Editorial staffers at Plastics News pride ourselves on industry knowledge and going beyond what's written in a news release. Not that we don't read and use these releases put out by companies, government agencies, industry lobbyists and nonprofit groups, but we always try to get more information, such as an interview, background, context or — at a minimum — checking our own archives and websites to confirm the basics.
When we received a news release on Aug. 1 that "Mattel" was removing all plastic from its products by 2030, we were skeptical of the claim. Editor Don Loepp's immediate reaction: "Can this be real?"
Spoiler alert: It was not.
Mattel Inc., obviously, uses plastic for Barbies, GI Joes and thousands of other toys. Even if the company switched to a bio-based feedstock, it would still be a plastic. (And no one is producing bioplastics at a rate that would supply a toy giant's manufacturing needs.)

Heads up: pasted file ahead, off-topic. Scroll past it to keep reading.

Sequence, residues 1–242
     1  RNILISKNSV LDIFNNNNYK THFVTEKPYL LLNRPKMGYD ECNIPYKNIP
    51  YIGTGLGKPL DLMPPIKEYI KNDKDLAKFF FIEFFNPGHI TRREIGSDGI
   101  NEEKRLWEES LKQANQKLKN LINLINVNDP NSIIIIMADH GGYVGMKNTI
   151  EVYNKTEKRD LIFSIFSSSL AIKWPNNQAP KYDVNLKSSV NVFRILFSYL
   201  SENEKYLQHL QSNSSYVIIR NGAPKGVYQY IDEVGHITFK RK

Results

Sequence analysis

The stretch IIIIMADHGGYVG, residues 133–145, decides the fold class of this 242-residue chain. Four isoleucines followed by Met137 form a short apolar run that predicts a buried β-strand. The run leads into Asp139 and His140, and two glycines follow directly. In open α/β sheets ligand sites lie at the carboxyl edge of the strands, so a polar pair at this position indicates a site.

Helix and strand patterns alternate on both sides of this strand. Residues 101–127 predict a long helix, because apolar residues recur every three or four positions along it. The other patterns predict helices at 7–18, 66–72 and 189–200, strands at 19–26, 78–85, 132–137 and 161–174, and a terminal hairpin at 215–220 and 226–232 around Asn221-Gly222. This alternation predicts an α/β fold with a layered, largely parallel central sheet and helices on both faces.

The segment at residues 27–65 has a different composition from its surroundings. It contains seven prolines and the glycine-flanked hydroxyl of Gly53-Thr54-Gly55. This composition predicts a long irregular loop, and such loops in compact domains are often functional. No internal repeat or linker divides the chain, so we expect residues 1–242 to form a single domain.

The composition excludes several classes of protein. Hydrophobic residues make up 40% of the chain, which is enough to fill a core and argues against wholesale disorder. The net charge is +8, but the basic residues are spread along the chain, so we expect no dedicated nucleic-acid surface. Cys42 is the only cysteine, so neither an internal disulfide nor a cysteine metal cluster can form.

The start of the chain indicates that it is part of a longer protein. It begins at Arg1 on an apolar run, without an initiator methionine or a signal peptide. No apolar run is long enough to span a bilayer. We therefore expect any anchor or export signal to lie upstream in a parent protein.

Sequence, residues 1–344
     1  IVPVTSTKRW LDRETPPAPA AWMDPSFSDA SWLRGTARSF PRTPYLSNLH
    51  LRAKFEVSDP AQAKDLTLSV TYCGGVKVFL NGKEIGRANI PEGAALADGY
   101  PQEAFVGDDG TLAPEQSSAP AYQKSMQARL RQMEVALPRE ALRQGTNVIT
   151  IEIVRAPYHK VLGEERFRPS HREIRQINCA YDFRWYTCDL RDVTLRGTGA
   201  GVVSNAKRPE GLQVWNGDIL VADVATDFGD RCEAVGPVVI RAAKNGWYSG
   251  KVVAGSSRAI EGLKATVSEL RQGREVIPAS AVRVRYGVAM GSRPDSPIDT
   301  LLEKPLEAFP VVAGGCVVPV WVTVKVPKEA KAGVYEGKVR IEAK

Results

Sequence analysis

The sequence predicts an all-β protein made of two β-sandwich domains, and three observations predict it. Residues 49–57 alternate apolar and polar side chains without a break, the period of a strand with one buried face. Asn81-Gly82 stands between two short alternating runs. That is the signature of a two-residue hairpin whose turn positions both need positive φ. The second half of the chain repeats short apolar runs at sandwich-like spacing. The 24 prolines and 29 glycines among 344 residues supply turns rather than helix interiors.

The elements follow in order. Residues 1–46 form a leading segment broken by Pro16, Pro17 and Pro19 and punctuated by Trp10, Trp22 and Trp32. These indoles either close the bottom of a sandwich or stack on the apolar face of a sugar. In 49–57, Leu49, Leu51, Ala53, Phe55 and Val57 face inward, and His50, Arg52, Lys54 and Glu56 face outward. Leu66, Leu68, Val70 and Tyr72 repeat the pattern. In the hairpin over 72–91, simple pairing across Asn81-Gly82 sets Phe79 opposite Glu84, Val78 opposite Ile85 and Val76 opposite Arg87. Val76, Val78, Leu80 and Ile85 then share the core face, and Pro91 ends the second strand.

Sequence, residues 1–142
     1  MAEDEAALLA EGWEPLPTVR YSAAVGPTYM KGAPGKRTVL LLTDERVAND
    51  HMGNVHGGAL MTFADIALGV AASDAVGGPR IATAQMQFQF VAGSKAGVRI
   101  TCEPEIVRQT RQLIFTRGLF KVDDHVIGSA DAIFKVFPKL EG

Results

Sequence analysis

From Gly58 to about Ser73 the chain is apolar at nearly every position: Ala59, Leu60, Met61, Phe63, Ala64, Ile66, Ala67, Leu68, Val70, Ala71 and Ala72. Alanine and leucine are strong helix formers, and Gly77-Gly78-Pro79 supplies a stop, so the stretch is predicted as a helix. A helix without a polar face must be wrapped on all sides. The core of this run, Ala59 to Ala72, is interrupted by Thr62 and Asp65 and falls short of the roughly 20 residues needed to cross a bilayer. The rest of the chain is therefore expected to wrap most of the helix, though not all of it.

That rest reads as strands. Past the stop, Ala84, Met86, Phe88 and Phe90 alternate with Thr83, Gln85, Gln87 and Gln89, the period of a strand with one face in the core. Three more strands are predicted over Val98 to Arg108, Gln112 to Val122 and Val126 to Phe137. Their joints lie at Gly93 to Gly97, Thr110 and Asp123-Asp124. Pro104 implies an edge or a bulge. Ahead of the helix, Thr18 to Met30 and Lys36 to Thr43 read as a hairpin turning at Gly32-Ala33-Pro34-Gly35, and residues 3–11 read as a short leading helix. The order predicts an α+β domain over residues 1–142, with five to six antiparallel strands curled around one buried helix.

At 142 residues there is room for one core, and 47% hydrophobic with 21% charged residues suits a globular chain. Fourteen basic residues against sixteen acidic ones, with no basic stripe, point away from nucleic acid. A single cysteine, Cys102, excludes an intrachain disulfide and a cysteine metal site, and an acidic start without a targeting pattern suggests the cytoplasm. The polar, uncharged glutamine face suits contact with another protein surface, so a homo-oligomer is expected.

But we started checking while also preparing for a story if it was true. First clue that there were issues was that the emailed news release was nowhere on Mattel's website, corporate.mattel.com. (The hoax site linked in the email was mattel.corporate.com.)
When PN's Bridget Janis did get an interview, she noted something didn't seem right.
It was all an elaborate hoax. Activists calling themselves the Barbie Liberation Organization created a news release and websites that closely mimicked the official ones.
A few news outlets — most notably the website for People magazine — did print stories based on the release, but by midafternoon the same day, the hoax was falling apart.